Fifty years ago, if you went browsing through the magazines at your local newsstand, you would have seen a wide variety of magazines that were primarily targeted to men.
There were dozens of upscale bachelor magazines and lowbrow girlie pinup mags, outdoor sports magazines, team sports magazines, true crime and detective magazines.
At a well-stocked newsstand you might also have seen 25 or more different men’s adventure magazines, all competing for eyeballs with dramatic, colorful cover paintings and enticing headlines.
If I’d have been browsing that newsstand in February 1961, one of the men’s adventure covers that would have grabbed my attention is the cover of that month’s Real magazine.
It shows a crew member of a dirigible falling headfirst through the sky to certain death, while another crewman desperately hangs on to a tether rope.
The artist who painted that horrific (but really cool) scene was James Meese.
There’s very little information online about Meese. No bios that I could find. But I do know that he is best known for his pulp paperback covers.
In fact, in the 1950s and 1960s, he painted dozens of great book covers, many of which have been posted on Flickr and other sites.
Below are two nice examples. One is the 1953 Signet edition of Mickey Spillane’s Mike Hammer thriller Kiss Me Deadly. The other is the 1956 Pocket Book edition of Agatha Christies The Mystery of the Blue Train, along with a photo of Meese’s original painting, which was sold for nearly $4,500 last year on the Heritage Auction Galleries site.
James Meese didn’t do a large number of men’s adventure magazine illustrations. But those he did are superb. And, I think his cover for the February 1961 issue of Real magazine is one of his best.
There are some other great examples of vintage illustration art inside the February 1961 issue of Real.
One is a mind-blowing duotone by artist Dom Lupo, for the story “WHEN THE DEVIL WALKED LIKE A MAN.” (Check out the spooky skull and crossbones reflection in the eyes.)
Looking at that illustration makes me wish Lupo had done a lot more artwork for men’s adventure magazines.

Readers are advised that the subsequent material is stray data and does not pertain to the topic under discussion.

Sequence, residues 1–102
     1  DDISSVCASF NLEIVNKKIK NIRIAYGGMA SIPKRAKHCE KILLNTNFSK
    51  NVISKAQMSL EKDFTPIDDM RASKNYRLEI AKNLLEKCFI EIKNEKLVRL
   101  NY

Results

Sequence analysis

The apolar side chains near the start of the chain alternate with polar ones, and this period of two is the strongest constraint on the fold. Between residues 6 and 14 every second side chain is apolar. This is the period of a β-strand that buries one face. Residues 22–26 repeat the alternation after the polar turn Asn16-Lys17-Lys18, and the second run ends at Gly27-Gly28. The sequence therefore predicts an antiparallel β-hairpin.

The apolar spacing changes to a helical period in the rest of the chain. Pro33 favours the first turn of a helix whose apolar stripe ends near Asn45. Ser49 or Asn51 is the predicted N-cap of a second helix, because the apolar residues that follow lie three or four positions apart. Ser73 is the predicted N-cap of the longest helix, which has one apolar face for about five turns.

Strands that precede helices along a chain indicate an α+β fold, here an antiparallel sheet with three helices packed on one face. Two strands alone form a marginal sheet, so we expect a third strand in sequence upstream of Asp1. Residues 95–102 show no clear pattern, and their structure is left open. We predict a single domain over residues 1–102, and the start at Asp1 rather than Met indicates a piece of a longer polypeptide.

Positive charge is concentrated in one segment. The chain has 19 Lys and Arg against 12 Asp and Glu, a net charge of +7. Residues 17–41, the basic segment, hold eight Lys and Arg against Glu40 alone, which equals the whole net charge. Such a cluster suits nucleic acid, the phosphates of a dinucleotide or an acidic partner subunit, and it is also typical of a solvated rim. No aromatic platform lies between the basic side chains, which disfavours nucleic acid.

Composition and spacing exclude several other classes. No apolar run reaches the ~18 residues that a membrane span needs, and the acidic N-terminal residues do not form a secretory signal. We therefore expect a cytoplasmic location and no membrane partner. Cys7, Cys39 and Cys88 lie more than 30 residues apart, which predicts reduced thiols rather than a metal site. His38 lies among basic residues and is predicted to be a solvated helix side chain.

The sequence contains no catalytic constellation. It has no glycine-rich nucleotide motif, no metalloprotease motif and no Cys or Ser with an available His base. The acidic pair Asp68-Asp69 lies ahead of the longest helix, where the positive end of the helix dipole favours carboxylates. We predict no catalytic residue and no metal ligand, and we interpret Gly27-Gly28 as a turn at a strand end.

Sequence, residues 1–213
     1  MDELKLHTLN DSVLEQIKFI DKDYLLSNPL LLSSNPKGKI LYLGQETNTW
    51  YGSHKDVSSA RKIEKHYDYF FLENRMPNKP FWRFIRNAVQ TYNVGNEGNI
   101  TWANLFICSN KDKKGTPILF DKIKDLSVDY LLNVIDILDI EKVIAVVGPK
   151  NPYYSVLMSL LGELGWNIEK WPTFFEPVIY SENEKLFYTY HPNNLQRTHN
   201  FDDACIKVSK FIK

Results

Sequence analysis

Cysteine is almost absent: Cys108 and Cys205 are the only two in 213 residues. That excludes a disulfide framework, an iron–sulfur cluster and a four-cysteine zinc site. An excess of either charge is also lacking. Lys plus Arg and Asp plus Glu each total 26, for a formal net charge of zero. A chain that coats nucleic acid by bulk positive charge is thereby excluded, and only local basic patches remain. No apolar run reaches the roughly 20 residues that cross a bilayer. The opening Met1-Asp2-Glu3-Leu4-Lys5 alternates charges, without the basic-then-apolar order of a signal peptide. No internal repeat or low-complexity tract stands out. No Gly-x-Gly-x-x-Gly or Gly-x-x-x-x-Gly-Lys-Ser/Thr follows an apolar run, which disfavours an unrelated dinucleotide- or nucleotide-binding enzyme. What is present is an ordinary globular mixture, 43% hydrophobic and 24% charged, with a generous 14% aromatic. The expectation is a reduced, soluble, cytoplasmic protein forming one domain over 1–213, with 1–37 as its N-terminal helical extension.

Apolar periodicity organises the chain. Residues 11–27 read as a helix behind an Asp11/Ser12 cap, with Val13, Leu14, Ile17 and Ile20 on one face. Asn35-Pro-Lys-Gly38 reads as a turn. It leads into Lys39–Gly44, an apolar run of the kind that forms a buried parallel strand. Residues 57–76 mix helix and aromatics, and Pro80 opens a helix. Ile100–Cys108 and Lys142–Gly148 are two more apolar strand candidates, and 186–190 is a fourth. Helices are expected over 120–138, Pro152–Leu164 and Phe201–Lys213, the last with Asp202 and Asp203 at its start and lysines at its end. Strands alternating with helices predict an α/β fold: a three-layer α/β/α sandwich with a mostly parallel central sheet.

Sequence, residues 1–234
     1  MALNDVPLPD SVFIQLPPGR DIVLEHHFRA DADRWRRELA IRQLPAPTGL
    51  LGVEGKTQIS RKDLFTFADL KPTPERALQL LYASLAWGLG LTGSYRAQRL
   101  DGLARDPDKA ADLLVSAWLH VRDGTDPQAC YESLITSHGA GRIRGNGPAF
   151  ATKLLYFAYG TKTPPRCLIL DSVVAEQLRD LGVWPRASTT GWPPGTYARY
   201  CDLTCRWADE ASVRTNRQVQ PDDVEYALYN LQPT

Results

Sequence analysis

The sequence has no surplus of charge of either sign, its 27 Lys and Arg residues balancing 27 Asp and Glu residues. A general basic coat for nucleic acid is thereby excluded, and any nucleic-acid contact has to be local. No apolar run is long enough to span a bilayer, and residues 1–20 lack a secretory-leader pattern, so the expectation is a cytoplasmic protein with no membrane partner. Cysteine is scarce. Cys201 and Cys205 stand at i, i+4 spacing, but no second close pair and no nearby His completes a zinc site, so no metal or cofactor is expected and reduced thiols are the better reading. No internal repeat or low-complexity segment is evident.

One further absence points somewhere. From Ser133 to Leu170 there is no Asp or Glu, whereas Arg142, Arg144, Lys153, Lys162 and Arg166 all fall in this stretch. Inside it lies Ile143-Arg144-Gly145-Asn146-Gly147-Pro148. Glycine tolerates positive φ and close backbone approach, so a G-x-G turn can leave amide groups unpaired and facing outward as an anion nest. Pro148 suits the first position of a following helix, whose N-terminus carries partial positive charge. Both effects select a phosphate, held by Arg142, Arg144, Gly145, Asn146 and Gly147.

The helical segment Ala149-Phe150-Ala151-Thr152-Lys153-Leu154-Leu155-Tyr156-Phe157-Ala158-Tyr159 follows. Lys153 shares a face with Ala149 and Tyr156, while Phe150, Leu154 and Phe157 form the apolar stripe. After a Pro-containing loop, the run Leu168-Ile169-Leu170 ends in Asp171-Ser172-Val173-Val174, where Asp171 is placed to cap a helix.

Alas, he didn’t. Starting in 1963 and throughout the rest of his career, Lupo worked almost exclusively as a “golf artist,” doing illustrations for Golf Magazine, Golf Digest and golf-related books. Amazingly enough, there are a number of other artists out there who specialize in golf art.Norm Saunders.
Although that illo may not be “tasteful,” it’s definitely tasty.
It shows an alluring, nude babe stretched out on a giant food platter surrounded by fruit, getting a few strategically placed bands of whipped cream applied on her naughty bits by a happy chef.
The illustration is for a bawdy story titled “SKITTLES was the king’s VITTLES.”
That classic Saunders illo and the much less common examples of men’s pulp mag art by Meese and Lupo make this one of my favorite issues of Real magazine.
Real was published bimonthly from 1958 to 1967 by a series of publishers, starting with Literary Enterprises during the first two years of its run. In 1961, the publisher was Excellent Publications, Inc.
At that point, Real was one of the most popular men’s adventure magazines, with a circulation of about 450,000 (one of the highest of any periodicals in the men’s adventure mag genre).
Of course, there were plenty of other men’s adventure magazines to buy at the newsstand in February of 1961. The genre was in the middle of its heyday.
Men’s adventure mags being published then included Adventure, Argosy, Bold Men, Cavalier, Climax, Escape to Adventure, For Men Only, Male, Man’s Conquest, Man’s Day, Man’s Life, Man’s Magazine, Man’s World, Men, Real, Real Adventure, Real Men, Saga, See, Sir!, Stag, True, True Adventures, True Men Stories and Wildcat Adventures.
Below are covers scans of the February 1961 issues of some of those magazines. Which ones would have grabbed your attention if you were browsing at your local newsstand fifty years ago?
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Further reading: some good books about some great vintage illustration artists…